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Making 'cents' of nationwide coin shortage as some Treasure Valley businesses ask customers for exact change

At the Family Dollar stores, there are signs posted in and around the stores urging customers to pay with card or exact change.

BOISE, Idaho — First toilet paper, now change. Across the nation, COVID-19 is causing a coin shortage. 

“I feel like our world's been turned upside down,” said Mark, a Boise man who asked KTVB to withhold his last name.  

He says he hasn't been impacted by this shortage just yet but he's concerned because he only likes to pay with cash, and in fact relies on coins to do his laundry. 

“I’m still old school,” Mark said. “It's the way I’ve always done it and I don’t like change.” 

RELATED: There is a nationwide coin shortage

So, what's behind this shortage?

“There is currently a temporary shortage in coin that is being released from the Federal Reserve. And back on June 15th, they put in limits basically on what each financial institution could order,” said Vice President of Operations for Idaho Central Credit Union, Brandi Dye.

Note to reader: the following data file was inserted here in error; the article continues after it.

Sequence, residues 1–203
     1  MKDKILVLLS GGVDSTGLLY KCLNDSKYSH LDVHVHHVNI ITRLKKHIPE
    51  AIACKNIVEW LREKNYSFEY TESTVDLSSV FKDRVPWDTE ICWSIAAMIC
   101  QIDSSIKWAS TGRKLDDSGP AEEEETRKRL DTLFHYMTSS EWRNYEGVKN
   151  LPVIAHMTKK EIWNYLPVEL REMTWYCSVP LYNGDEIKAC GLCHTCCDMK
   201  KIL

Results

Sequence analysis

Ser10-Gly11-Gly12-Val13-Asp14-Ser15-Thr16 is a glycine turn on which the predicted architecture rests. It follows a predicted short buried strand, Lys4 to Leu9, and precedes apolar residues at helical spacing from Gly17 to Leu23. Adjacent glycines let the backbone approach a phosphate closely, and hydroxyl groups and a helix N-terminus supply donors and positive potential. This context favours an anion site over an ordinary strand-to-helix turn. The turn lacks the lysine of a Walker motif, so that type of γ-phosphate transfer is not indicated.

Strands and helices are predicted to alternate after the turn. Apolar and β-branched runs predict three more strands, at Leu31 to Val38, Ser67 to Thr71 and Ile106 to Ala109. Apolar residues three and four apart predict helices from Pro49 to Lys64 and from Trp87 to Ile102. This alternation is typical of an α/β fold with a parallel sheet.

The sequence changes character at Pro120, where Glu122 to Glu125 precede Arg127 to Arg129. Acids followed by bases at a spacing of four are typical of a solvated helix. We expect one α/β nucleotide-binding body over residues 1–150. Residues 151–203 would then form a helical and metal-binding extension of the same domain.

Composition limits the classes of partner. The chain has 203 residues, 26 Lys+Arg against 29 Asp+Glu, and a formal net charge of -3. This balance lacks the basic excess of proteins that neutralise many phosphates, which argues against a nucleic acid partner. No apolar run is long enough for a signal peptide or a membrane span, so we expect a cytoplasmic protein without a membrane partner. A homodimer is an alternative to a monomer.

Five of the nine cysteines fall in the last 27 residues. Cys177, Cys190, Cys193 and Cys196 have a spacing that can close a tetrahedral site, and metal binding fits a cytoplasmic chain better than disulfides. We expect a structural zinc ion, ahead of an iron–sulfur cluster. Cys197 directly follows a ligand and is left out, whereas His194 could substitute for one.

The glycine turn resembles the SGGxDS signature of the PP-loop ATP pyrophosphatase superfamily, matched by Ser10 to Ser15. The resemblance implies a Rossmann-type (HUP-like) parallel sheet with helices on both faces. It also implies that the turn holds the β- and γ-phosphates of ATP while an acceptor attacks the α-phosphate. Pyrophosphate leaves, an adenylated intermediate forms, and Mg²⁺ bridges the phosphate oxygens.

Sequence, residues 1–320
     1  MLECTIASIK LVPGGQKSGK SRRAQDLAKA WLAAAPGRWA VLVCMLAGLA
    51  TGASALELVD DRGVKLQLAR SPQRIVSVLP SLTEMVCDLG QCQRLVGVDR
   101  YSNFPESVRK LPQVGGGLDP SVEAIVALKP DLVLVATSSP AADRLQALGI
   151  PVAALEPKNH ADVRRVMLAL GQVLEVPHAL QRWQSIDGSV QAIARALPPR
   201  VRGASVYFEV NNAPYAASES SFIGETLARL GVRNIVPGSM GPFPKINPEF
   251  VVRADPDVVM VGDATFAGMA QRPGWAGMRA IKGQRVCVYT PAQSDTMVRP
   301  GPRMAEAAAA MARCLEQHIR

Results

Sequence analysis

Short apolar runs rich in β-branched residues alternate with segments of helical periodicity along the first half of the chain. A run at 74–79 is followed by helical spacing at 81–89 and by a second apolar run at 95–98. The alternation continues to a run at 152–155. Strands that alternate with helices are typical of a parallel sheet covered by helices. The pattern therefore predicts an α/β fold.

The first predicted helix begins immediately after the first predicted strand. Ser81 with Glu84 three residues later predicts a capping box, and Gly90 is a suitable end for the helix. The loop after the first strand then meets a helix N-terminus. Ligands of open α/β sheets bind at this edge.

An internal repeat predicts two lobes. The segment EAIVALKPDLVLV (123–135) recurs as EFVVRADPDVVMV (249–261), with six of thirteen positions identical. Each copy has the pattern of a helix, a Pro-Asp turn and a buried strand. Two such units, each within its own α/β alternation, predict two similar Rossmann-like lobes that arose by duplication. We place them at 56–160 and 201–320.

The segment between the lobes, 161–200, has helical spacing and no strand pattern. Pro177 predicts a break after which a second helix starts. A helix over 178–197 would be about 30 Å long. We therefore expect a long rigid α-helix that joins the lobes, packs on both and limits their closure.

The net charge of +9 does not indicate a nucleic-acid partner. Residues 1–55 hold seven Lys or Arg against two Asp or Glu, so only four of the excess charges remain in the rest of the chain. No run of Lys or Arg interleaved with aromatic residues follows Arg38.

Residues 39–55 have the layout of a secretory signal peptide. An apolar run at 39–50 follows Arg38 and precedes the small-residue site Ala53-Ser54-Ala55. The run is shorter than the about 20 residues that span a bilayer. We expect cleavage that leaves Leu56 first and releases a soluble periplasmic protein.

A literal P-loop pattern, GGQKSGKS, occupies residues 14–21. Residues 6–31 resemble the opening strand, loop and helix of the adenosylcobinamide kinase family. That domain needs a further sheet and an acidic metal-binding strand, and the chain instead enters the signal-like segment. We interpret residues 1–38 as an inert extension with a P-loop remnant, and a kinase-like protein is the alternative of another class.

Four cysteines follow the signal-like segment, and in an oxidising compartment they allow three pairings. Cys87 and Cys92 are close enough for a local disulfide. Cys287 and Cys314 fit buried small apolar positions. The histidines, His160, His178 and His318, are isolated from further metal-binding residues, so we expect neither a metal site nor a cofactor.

She told KTVB, typically financial institutions like ICCU aren't limited, but with the limitations in place they're now ordering about a quarter of what they normally do. She adds there's a reason for it:

“The Federal Reserve has had to put some restrictions in place related to COVID for social distancing so the production in the U.S. Mint is actually down,” Dye said. “In addition to that just because of the economic situation we're in right now the flow of coins has actually slowed, which means the amount of deposits that are taken to the Federal Reserve are significantly lower.”

At the Family Dollar stores, there are also signs posted in and around the stores urging customers to pay with card or exact change.

As for Mark, he hopes, like the toilet paper shortage, this too, will be over in a pinch.

“We use cash when it's the flu season, or when we have H1N1 and Sars and Ebola, we used cash in the 1918 pandemic,” Mark said. “Cash has worked for thousands of years, why take it away now.”

The Federal Reserve anticipates that the coin shortage will correct itself as businesses resume more normal operations and the coin circulation returns to normal, according to the Idaho Bankers Association.

ICCU told KTVB it is still able to give out coins and currency, just in smaller volumes.

RELATED: Some Idaho businesses have gone cashless, raising the question: Is that legal?

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